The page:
7. Open topic night

  • The rest of our time is devoted to an open discussion guided by our neurodiversity specialist.

  • The last part of our time is for the group to voice an appreciation to the working couple for something they witnessed and to share what they got out of what they saw. 


While this may seem intimidating, our hope is that you will feel the support of your peers as you deal with issues that most of you others share. We will create a safe place where you can be open and share meaningful experiences with each other.


The requirements to be part of the group are:

  • You must have an initial interview session with your therapist/coach, although this may not be needed for current or past clients. 

  • You can not be in crisis. Your therapist/coach will help you define this.

  • You must be willing to commit to at least 7 sessions.

  • You must be willing to commit to complete confidentiality of what is discussed during our group sessions. 



Wednesdays 3:30pm PST. Start date will be determined after signups.


Q: What’s the first step? 

A: Fill out the contact form below.

Q:  What will the group cost? 

A: $100/couple/session with a commitment of 7 sessions. Payment for each session is due after each session. There are no credits for missed sessions. A limited number of sliding-scale options may be available. Please ask your therapist/coach.

Q: My marriage is really struggling. Will I mess up the group?


A: Probably not but your therapist/coach will help you figure out if this is a good fit in the initial consult conversation.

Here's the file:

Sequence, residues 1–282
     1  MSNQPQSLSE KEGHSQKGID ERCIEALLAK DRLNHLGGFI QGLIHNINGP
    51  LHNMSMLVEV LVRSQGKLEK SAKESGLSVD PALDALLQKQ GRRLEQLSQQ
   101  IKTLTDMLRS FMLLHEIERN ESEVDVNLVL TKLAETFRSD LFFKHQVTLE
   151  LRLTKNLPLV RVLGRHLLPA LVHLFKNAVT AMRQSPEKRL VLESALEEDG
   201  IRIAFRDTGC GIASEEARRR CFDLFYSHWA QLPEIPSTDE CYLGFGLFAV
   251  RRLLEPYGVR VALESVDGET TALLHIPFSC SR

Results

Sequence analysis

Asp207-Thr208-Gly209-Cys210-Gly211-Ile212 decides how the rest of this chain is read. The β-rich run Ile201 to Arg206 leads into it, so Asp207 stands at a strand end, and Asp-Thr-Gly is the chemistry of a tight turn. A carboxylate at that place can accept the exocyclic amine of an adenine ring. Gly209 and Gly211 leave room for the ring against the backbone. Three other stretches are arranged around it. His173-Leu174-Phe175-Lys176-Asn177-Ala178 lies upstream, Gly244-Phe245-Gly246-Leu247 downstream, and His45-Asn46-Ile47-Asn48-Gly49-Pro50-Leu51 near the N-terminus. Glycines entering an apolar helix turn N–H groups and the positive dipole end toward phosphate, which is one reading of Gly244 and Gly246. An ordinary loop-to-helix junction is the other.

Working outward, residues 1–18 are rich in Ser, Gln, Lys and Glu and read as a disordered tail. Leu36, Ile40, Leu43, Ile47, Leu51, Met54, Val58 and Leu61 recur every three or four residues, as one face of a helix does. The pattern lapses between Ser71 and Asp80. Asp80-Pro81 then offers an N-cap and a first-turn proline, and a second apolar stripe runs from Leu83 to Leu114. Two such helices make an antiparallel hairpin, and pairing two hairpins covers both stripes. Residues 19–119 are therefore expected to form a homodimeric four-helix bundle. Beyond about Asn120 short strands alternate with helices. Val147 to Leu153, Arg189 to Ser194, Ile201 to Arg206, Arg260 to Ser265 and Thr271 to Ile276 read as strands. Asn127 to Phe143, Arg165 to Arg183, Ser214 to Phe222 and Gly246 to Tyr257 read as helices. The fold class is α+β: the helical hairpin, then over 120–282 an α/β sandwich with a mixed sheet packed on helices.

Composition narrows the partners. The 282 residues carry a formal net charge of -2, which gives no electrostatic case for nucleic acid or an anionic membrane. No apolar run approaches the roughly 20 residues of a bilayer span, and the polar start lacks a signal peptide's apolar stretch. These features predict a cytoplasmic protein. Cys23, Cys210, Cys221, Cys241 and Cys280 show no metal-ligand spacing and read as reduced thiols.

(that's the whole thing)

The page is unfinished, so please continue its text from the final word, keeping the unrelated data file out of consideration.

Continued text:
Q: What if I am in individual therapy?   


A: No problem. We can work with your individual therapist to make sure we are on the same page and support the work you are doing in your other therapy.

Q: What if I am super nervous about groups? 


A: Then joining the group will require courage on your part but, rest assured, the group will work hard to support you. This may help you have more comfort in other groups that you are a part of, maybe even in your family. 

Q: What if I can’t come to all the groups? 

A: You still need to pay the full amount. We will offer homework in between the sessions. Even if you miss one or two groups you will still benefit, though if you know in advance you’ll miss multiple sessions it may be best to wait for another round of the group.

Q: When does the group start? 

A: Once we have put together a cohort of NT partners who are ready to go on this journey together, we will get things rolling. We will make sure to keep you posted, and give you a heads up so you can make the necessary arrangements to ensure your participation. 

Q: Will members come and go?   

A: No. This group is what is called a closed group. The members you meet on the first day are the ones that will be with you the whole time unless they drop out, and no new members will be added. The group size will be limited, giving you ample time and space to be heard.​

Neurotypical woman participating in support group
Cassandra syndrome steps
Image by Carly Rae Hobbins

“Life is . . . not about counting the losses and the lost expectations, but rather swimming, with as much grace as can be mustered, in the joy of all of it.”.”  



Leisa Hammett